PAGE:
What To Do If Your Parents & Your SO's Parents Don't Get Along
Perhaps one of the most intimidating parts of a relationship is meeting the parents. No matter how long you've been together, when you first go to meet your partner's parents, and vice versa, it can be scary. However, one part of relatively new relationships that you might not think about until it happens is having your parents meet your partner's parents. Parents meeting parents can be incredibly intimidating, and hopefully it goes well, but what are you supposed to do if your parents and partner’s parents don’t get along very well? Honestly, it might feel like it's your responsibility to fix everything, but it's actually not up to you.
First of all, know that it's totally normal for your parents and your partner's parents not to get along. "Parents, in general, create a little world of values, interacting styles, and views of men, women, child-rearing, politics, the world, and more," licensed clinical psychotherapist LeslieBeth Wish tells me in an interview for Elite Daily. "As you mature, you have greater wisdom and freedom to differ from your parents. But, most likely, your parents stay the same. And, as a result, it is also no wonder that your and your partner's parents will not see eye-to-eye." Basically, parents tend to be set in their ways, so it can be difficult when they meet someone who isn't similar to them.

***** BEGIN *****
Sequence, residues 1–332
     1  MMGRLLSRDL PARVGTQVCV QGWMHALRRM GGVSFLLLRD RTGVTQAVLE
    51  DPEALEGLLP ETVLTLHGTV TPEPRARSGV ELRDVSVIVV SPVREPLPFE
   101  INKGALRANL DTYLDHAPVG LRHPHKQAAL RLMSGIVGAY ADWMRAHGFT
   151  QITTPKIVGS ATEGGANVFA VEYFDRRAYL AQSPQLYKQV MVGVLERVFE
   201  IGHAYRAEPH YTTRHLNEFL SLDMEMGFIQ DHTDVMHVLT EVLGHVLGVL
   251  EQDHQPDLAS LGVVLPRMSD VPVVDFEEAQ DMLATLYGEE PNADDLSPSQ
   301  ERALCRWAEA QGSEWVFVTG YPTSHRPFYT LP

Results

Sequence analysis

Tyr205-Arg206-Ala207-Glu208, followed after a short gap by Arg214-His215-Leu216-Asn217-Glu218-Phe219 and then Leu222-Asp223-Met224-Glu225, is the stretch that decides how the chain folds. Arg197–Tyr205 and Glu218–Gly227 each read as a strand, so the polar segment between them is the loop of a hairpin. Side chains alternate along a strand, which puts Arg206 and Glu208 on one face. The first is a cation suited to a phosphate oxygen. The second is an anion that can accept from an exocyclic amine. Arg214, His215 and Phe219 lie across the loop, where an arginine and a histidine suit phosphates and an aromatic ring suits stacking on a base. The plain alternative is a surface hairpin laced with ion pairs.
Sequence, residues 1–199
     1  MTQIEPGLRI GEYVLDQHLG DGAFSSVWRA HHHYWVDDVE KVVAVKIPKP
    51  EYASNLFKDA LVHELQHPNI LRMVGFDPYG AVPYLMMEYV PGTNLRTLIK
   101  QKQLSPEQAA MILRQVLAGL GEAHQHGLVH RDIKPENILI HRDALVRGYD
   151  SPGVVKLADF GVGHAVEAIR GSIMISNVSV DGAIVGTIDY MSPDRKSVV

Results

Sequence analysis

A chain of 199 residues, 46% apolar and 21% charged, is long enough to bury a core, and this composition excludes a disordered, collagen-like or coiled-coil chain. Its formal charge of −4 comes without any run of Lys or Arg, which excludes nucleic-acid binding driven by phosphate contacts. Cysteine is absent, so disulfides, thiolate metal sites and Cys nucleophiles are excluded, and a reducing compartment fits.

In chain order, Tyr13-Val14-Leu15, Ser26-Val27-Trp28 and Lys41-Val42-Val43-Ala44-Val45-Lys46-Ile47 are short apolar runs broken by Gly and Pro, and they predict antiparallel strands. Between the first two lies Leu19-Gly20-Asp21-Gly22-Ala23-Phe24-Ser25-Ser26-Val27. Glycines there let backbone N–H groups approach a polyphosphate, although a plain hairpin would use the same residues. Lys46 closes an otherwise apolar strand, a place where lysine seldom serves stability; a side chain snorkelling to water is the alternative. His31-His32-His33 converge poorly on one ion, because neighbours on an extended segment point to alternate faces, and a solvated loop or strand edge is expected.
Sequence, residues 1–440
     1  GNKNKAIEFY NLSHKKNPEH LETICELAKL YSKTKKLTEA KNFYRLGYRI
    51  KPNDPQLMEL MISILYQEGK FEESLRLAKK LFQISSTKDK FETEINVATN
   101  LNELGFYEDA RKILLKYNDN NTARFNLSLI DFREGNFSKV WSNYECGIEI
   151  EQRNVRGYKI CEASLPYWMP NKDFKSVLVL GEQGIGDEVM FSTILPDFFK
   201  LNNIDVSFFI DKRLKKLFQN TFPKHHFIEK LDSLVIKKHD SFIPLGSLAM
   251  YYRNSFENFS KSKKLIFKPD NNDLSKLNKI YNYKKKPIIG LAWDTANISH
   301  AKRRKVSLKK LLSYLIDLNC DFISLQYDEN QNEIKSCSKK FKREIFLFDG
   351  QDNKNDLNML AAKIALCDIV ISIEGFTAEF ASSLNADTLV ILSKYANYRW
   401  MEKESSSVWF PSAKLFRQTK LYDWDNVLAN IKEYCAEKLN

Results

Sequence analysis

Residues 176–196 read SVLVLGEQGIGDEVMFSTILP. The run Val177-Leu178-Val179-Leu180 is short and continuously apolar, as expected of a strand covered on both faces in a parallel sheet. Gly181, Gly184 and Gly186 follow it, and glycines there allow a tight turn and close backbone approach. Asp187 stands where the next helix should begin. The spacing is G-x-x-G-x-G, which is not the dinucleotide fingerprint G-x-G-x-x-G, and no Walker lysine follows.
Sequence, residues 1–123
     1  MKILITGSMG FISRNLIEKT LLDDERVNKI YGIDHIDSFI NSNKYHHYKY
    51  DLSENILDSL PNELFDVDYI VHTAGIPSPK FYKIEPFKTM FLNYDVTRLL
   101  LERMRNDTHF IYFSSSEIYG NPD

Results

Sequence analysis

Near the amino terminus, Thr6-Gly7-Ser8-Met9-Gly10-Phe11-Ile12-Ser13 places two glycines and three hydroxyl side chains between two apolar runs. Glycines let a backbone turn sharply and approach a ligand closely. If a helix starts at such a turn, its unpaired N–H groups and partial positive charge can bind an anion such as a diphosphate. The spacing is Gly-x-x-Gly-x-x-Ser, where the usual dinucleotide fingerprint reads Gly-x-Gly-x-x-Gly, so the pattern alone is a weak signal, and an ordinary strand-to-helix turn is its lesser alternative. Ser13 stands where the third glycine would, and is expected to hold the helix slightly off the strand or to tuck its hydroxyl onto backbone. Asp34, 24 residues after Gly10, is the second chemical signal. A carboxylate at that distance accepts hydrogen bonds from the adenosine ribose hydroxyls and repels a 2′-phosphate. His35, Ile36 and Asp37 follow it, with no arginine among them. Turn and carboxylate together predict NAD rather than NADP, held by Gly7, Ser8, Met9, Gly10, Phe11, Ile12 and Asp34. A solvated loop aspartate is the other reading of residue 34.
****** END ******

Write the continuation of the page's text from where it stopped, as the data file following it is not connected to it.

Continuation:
Additionally, Wish says if your parents and your partner's parents don't get along, it's best for you and your partner agree on how to handle it — or how not to handle it. "The differences in yours and your partner's parents does not have to be a problem for you as a couple," Wish says, "as long as you set some mutually agreeable guidelines that include not criticizing, blaming, or disrespecting the other's parents, and not expecting your and your partner's parents to be best friends." If you can do that, then the whole issue doesn't have to be an issue at all.
Now, if you and your partner are still not sure what to do, Wish has some advice. "Some couples inform both sets of parents about potential differences, as well as ask your parents to be civil — and to suspend any talk about those hot-topic differences," she says. "You can prepare each set of parents by giving them topics that might be shared interests such as travel, hobbies, cooking, sports, and anything else you think they might share." Obviously, if your parents are going to meet your partner's parents for the first time, it's understandable that you'd be nervous, so being prepared is a great idea no matter what.
The most important thing to keep in mind, Wish says, is that your focus should be on each other, not the conflict. "Both you and your partner need to develop 'meet-the-parents' awareness triggers so that you can avoid dumping your conflicting feelings on each other," she says. "You also need to develop ground rules of your behavior, as well as more realistic expectations of what you want to accomplish when everyone gets together. There's a reason why few in-laws vacation together!" Keep in mind that as long as you and your partner remain committed to each other, your parents not liking one another isn't a deal-breaker. You two are what matters, so don't let the drama get between what's really important.
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